The academic functions of the University are organised into six Colleges : College of Medicine and Public Health; College of Nursing and Health Sciences; College of Science and Engineering; College of Education, Psychology and Social Work; College of Business, Government and Law; and the College of Humanities, Arts and Social Sciences.
4. Functions of the University
The functions of the University are defined by the Act as follows:
- the provision of educational facilities at university standards for persons who being eligible to enrol seek the benefits of such facilities; and
- the establishment of such facilities as the University thinks desirable for providing courses of study, whether within the University or elsewhere, for evening students, giving instruction to and the examination of external students, and providing courses of study or instruction at such levels of attainment as the Council thinks appropriate to meet the special requirements of industry, commerce or any other section of the community; and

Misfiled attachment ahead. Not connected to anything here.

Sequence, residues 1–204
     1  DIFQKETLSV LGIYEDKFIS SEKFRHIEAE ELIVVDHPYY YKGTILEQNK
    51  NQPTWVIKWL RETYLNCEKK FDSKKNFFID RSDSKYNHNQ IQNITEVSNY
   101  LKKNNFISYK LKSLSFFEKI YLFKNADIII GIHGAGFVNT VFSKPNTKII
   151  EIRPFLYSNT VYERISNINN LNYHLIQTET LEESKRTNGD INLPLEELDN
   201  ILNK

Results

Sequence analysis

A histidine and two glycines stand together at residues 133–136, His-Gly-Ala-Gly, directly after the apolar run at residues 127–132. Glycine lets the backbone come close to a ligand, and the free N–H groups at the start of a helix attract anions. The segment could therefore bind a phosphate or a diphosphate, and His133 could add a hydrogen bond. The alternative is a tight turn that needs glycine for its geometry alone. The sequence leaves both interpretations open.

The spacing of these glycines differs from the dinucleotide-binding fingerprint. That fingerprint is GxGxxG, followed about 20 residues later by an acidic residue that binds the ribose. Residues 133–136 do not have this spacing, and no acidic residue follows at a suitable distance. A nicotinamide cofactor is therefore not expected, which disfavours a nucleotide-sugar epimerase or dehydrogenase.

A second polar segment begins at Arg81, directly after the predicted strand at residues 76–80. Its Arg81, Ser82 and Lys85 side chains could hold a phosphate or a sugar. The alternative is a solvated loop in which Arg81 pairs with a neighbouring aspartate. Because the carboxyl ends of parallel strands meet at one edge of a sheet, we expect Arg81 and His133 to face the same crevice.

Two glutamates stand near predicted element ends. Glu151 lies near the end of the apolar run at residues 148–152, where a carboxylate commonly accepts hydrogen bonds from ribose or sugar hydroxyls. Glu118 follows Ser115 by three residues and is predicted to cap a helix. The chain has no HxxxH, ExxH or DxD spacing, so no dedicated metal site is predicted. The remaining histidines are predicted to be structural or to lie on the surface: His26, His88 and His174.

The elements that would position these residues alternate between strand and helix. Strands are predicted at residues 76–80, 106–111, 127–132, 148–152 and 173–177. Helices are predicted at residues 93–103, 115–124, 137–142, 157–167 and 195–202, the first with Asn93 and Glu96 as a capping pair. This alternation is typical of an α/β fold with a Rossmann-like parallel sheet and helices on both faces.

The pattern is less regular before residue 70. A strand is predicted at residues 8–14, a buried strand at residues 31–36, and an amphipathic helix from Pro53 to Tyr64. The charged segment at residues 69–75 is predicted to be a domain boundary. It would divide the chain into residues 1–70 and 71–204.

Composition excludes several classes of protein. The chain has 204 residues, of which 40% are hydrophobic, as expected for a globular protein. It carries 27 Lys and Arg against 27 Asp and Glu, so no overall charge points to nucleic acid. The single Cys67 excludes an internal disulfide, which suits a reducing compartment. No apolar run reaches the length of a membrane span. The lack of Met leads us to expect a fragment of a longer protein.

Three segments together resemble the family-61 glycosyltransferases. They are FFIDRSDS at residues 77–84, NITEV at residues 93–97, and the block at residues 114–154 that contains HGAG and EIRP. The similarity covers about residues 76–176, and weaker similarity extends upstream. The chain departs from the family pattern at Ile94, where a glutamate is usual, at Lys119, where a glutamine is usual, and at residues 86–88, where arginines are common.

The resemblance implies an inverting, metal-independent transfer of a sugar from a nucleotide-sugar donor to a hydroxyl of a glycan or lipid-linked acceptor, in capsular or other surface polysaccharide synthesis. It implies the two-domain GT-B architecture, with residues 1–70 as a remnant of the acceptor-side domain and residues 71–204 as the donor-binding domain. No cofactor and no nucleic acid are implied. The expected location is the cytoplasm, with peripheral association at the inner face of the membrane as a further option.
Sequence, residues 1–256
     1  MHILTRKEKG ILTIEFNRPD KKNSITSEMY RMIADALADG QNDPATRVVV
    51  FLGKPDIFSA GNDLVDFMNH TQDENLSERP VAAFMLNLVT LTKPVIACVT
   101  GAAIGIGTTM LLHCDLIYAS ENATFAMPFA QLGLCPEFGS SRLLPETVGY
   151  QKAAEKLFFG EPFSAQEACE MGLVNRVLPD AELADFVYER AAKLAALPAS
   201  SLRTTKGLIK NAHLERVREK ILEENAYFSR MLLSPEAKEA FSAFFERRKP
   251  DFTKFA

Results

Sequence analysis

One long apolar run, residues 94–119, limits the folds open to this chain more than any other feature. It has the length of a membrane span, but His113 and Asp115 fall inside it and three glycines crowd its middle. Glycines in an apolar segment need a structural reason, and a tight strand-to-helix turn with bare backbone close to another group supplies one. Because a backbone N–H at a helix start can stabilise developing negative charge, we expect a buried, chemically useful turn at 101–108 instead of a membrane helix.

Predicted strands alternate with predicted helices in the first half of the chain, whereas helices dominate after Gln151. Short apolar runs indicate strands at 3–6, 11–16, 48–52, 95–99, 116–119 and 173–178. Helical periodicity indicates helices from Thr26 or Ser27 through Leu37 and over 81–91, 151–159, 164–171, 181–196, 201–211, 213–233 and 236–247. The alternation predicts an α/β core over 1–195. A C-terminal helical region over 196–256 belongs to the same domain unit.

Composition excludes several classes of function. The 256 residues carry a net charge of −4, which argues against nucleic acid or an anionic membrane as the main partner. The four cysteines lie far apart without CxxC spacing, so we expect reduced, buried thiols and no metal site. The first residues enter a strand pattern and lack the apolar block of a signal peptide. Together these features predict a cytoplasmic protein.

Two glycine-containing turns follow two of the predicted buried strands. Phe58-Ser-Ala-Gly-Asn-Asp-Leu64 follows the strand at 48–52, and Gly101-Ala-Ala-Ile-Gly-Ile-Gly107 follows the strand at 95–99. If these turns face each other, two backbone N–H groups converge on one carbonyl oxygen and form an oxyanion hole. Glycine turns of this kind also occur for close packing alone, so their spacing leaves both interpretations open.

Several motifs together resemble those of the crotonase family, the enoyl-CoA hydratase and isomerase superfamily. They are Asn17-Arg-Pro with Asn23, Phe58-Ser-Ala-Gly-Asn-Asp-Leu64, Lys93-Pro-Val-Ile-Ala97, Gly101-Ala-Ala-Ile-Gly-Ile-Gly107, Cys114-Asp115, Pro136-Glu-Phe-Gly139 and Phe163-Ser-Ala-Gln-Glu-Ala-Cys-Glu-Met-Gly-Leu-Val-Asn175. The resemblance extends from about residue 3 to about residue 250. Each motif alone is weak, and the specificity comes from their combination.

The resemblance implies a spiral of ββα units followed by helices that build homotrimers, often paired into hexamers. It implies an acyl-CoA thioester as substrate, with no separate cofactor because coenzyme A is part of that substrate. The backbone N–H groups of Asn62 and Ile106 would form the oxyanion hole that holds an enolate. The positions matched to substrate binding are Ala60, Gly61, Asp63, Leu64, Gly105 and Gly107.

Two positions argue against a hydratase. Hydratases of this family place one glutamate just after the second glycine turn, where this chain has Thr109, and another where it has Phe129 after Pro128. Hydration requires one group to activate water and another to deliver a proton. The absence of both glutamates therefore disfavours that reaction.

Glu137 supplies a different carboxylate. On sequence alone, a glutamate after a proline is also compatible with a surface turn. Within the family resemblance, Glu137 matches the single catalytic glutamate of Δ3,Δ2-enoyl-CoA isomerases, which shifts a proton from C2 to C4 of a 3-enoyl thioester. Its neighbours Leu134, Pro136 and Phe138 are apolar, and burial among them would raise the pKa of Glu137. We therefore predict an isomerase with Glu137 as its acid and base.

- generally, the dissemination of knowledge and the promotion of scholarship.
5. Ways in which functions affect members of the public
The principal effect of the University's operations on members of the public arises from the University's consideration of applications for admission to the University's courses, the education of graduates, and the advancement of knowledge through scholarship and research and the application of these for the benefit of the community.
6. External input into University policy formulation